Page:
According to political scientist Brian Schaffner’s analysis of the Cooperative Congressional Election Study (CCES), 12 percent of Sanders voters backed Trump, and 9 percent voted third party. In Wisconsin, Michigan and Pennsylvania, the three states that determined the outcome of the election, Schaffner estimated that 9%, 18%, and 16% of Sanders voters voted for Trump, respectively. However, an even greater number of Obama voters, close to 8 million, voted for Trump as well, so an even greater blame lies on Clinton for not keeping these voters. This was enough to cost Clinton the election. Had Sanders won the nomination, it is possible that he would have won all of Clinton's voters, plus the support of these “Bernie-or-Bust” voters, and win the electoral college as a result, and thus the presidency.
With so much debate over hypotheticals, you'd almost think whoever won would get to be President for real. But with no way to test their claims in an actual campaign setting, bloggers and pundits aren't likely to stop shouting at each other any time soon.
A look ahead
Although he prefers not to talk about the 2020 Presidential Election just yet,[note 5] the most popular elected official in the United States is certainly making it look like he's ready for another run, and his supporters seem ready for it. His age is not an issue.[note 6] By late 2017, he made preparations by boosting his credentials, addressing weak spots (especially in foreign policy), working with his fellow Senators to craft policy (like Medicare For All), and engaging in productive conversations on various issues of genuine importance to voters. He has been visiting dozens of states across the country, especially those Trump won in 2016. He may need to talk to his natural ally Elizabeth Warren, Senator from Massachusetts, first to avoid having them both run for President in 2020.
In late January, 2018, Sanders hosted a town hall on his universal healthcare proposal, called Medicare-for-all. It attracted a live audience of over a million people. Perhaps unsurprisingly, more and more Democrats are in favor of this proposal, signaling a significant shift. A poll conducted by the Kaiser Family Foundation, a nonpartisan think tank, in March 2018 reveals that a majority of Americans support major reforms to the American healthcare system. Specifically, 59% support Sanders' Medicare-for-all proposal and 75% favor a public option or expansion of Medicare. Another conducted by Reuters in June and July 2018 shows that a vast majority of Americans, 70%, now support single-payer healthcare. Medical service providers are also warming to the idea. Even though their payments may fall in the long-run, administrative costs and the amounts of paperwork will also decrease. What really matters to them is not reimbursement rates but net income. Healthcare spending could drop to Canadian levels. Sanders wants to phase Medicare for All in over a period of four years.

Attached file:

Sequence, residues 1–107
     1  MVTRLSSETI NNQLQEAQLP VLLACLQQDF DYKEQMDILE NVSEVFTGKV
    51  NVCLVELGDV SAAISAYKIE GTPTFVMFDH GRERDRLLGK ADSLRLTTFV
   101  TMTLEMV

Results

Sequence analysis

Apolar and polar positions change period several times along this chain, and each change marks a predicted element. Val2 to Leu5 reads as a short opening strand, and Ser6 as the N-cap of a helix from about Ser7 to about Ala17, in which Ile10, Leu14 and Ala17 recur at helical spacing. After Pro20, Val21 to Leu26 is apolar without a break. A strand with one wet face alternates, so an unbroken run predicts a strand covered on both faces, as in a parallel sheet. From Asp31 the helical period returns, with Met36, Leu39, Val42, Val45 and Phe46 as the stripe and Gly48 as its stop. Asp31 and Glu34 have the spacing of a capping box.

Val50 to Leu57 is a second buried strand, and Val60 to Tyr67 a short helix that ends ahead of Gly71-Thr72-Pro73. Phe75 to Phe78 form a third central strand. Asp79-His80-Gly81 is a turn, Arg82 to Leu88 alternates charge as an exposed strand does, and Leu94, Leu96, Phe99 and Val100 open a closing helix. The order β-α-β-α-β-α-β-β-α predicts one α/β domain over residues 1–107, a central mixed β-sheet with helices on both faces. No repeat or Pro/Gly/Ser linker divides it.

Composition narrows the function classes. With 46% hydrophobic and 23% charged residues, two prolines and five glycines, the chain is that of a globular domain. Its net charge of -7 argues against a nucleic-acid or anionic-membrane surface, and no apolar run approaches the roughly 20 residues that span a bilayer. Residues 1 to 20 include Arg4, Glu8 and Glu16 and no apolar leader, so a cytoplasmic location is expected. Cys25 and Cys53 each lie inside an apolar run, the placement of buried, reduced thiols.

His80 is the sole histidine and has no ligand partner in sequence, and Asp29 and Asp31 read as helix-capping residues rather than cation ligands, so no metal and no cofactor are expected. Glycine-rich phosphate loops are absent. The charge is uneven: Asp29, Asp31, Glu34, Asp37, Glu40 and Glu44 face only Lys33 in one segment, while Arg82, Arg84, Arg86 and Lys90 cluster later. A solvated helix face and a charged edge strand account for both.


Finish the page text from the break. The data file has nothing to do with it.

Whereas Sanders could not find any co-sponsor for the bill just a couple years ago, there are now 60 Democrats coming out in favor of it. Growing support for the idea is sufficient for Trump's Medicare and Medicaid administrator to strongly criticize the proposal, arguing that it is "socialism" and will end up being "Medicare for none." In a delicious episode of irony, a study conducted at George Mason University, funded by the Koch Brothers, reveals that Medicare for all would actually save the American people two trillion dollars over a ten-year period. Sanders of course expressed his gratitude.[note 7]
He held rallies in the Midwest against Trump's new tax plan, which gives more tax cuts to the rich than the poor. In March, 2018, he hosted another town hall, this time on economic inequality, which attracted even more live viewers, about 1.7 million in total. In an opinion piece published on The Guardian, Sanders warns that the media's obsessions with Russia and Trump's private affairs are distracting people from the issues that are actually important, namely economic inequality, something he can never stress enough. Oddly, however, the Russians were supporting Sanders' campaign; could it be that Sanders was the distraction?
In late February, Sanders joined two other Senators, one Democrat and one Republican, in an attempt to end U.S. military involvement in the Yemeni Civil War using the War Powers Act of 1973. Though ultimately unsuccessful, albeit by a narrow margin, this demonstrates his prudence and general consistency in matters of foreign policy; he favors a less interventionist approach.